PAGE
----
Looking at the Better iPad Pro Apps

Remember when apps hadn’t updated for the larger iPhones 6 sizes? Yeah, it is similar on the iPad Pro, but actually more annoying.

Now that I have had some time to dive into the iPad Pro, and make it my primary machine, I wanted to look at the apps which really excel on the iPad Pro. The software, the apps more specifically, are what will really make or break the iPad Pro in the long run, as the hardware is all there and the accessories are all there as well. Whether the device succeeds or not is resting on the shoulders of the software for a change.

This isn’t just about new apps either, this is about any app out there which makes a better experience on the iPad Pro. This could be a stock app, or some new app you have never tried.

Ok, on to the apps.


I know a lot of people love other tools for email, but for me Mail is such a consistently solid app, that it is my pick for email on OS X and iOS. While Mail is solid on the iPad, it really is good on the iPad Pro. The only reason is the white space.

What I love about Mail on the iPad Pro is strictly how good email messages look in them. Tons of room to let that text breathe. So pretty.


I’ve long been a fan of OmniOutliner and it has long been my go to for outlining. Everything about OmniOutliner on the iPad is great, but what is really great is tossing it in a small split view so that you can look right at your outline as you write through the draft.

I do this almost everyday and it really is fantastic. It fits really well with how I like to write.

Fiery Feeds

I’ve been using Reeder a lot, but it hasn’t been updated for the iPad Pro yet, and so I switched over to Fiery Feeds for the iPad Pro. I am really liking the app so far. I don’t care as much for it as a full screen app as I do for a half screen app — putting Safari on the second view.

The mark all as read view looks great, with the blurred vibrancy look applied to the background — it makes me keep that dialog turned on. Be sure to try out Fiery Feeds.


I don’t love Byword, and I have never been a big fan of the app. That said, I cannot deny the fact it is the most polished writing app of its kind for the iPad Pro. It’s my go to app for writing now and it is solid. Very solid.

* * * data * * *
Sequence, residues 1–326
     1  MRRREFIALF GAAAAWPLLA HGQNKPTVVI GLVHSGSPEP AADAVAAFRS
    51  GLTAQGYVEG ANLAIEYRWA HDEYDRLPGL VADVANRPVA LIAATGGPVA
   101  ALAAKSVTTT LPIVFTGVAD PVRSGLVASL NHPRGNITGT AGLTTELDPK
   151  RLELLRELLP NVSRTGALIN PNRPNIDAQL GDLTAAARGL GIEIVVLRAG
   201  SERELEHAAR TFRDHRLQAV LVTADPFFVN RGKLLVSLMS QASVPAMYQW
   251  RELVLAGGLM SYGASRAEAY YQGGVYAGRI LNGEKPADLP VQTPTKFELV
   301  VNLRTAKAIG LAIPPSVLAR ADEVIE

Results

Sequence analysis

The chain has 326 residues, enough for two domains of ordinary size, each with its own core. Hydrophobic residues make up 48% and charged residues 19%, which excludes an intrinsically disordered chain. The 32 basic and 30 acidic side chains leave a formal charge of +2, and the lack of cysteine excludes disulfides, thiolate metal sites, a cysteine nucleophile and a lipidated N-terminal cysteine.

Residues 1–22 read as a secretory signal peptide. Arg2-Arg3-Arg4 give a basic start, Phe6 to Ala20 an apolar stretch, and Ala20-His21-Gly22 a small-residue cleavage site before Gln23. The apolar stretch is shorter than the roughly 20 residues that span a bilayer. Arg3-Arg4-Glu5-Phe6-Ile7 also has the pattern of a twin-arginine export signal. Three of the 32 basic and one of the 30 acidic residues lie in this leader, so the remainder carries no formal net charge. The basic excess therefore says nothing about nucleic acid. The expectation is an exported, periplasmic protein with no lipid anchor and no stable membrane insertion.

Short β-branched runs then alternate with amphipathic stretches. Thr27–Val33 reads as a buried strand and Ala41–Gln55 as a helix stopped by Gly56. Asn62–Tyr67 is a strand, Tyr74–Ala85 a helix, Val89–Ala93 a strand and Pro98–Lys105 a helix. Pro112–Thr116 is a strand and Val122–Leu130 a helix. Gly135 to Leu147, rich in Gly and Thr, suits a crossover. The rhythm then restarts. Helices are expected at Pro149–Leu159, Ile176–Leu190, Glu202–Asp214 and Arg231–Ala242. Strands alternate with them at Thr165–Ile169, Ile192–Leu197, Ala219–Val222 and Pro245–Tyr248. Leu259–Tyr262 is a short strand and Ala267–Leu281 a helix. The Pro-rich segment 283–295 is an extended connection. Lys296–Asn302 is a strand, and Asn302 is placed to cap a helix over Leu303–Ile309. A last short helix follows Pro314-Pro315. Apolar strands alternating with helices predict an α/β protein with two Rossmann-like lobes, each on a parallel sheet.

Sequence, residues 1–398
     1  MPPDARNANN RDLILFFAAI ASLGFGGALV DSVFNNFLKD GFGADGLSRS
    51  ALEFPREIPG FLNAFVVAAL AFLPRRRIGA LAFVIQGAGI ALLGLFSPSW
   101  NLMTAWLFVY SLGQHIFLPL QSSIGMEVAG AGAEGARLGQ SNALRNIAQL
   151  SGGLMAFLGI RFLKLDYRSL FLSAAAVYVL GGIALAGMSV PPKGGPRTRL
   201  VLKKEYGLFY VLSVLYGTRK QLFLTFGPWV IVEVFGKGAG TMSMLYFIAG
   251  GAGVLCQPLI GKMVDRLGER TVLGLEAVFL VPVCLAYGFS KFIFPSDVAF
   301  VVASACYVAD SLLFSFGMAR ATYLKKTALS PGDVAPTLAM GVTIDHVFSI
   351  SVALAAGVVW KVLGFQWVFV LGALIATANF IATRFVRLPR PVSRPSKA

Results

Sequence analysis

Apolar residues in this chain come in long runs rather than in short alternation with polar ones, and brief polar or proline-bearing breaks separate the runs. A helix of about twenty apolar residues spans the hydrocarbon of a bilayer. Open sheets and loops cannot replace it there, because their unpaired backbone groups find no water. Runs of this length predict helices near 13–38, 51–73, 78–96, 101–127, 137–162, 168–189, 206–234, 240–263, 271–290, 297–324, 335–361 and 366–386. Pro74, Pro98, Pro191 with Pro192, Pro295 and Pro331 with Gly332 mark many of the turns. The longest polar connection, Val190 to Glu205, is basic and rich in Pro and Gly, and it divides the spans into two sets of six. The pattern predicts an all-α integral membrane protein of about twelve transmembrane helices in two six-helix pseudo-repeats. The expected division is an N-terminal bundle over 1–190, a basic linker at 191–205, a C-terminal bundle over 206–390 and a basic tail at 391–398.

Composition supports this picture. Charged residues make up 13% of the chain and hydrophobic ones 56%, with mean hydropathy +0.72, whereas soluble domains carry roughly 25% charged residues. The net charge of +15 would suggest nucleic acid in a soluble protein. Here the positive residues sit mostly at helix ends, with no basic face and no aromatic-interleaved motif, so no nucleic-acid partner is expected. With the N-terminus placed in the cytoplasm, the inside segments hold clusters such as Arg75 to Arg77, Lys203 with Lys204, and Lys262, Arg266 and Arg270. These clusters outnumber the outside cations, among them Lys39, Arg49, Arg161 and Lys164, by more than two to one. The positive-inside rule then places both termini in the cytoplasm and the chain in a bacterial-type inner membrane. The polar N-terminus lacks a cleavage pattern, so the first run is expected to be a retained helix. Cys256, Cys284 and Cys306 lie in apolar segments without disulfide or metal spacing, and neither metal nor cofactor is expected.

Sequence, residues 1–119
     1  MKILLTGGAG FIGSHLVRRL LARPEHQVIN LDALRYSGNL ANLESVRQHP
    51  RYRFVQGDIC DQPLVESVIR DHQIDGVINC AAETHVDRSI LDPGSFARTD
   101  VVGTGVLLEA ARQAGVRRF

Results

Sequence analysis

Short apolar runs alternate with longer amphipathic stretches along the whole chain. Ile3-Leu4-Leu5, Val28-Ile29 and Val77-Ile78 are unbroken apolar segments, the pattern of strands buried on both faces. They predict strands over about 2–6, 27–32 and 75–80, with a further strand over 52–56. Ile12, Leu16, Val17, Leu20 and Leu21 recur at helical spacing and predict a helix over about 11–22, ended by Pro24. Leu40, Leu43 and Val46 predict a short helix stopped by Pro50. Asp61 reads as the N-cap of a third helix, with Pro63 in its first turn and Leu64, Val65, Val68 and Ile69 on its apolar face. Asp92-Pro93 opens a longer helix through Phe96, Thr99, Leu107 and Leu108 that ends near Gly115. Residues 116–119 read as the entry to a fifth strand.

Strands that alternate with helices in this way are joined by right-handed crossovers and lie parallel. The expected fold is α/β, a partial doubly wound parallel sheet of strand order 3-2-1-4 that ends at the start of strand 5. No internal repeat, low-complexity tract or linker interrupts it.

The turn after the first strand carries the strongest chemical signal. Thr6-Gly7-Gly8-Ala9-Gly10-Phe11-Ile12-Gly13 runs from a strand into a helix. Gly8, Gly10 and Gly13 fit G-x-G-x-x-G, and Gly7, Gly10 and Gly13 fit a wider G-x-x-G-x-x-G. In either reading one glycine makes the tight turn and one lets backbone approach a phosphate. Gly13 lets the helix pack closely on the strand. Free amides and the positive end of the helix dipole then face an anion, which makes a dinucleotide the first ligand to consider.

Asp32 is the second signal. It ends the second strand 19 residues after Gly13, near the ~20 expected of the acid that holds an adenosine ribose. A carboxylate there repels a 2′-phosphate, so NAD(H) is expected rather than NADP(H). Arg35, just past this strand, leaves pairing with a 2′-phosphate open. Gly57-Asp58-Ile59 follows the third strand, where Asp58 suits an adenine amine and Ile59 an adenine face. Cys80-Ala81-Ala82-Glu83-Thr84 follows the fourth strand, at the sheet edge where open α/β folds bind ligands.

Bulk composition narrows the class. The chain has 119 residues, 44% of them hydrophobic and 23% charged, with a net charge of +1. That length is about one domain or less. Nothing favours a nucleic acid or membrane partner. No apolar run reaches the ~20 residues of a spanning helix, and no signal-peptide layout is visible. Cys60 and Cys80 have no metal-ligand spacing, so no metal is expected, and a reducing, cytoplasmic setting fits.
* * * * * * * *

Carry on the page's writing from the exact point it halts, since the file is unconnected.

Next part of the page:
There’s some really dated looks to it, like the gradient of the menu bar, but those things aside — I would be lost on the iPad Pro without this app.


Initially I jumped on the 1Writer band wagon when I started on the iPad Pro, and I agree with almost everything Viticci said about it in his review. If you follow me on Twitter, then you saw my rant about 1Writer losing a document of mine. Which is true, I lost a 1,500 word document for seemingly no reason.

What I didn’t mention is that I am using iOS 9.2 b4 on my iPad, so it very well could be an issue with the beta version of iOS. 1Writer has been solid other than that one instant. I don’t love the UI, but it is a very powerful tool like Editorial, except unlike Editorial it works on the iPad Pro.

It’s just a good app all around. I wish it had better workflow building tools like Editorial does, but it is a smartly made app. Labeling the file names with date and time stamps is far better than the ‘untitled’ label so many other apps use.


Initially I wasn’t going to download this app, as I have plenty of other sketching apps. It was Gus Mueller who convinced me to download it and I do not regret that at all. It blew me away.

When I got the Apple Pencil I was underwhelmed at first. Not because it is a bad tool, but I just didn’t find myself pulled to use it. And then I opened Procreate, grabbed the HB Pencil and proceeded to lose about an hour of time sketching with a stupid grin on my face. Erin didn’t have the same reaction as me, but she also thinks this iPad Pro is dumb.

Procreate is amazing, if you only can get one thing on this list, make it Procreate.


Slack is crappy on the desktop, and far better on iOS. The iPad Pro variant is easily the best. I had my Mac running alongside my iPad Pro the other day and opened Slack on both of them — I was amazed how much more I preferred the iPad Pro display of Slack to the Mac variant. It’s a big difference and it is for the better on iOS.

I’d love some more keyboard shortcuts to make it closer to what you have on the Mac, but that is nitpicking.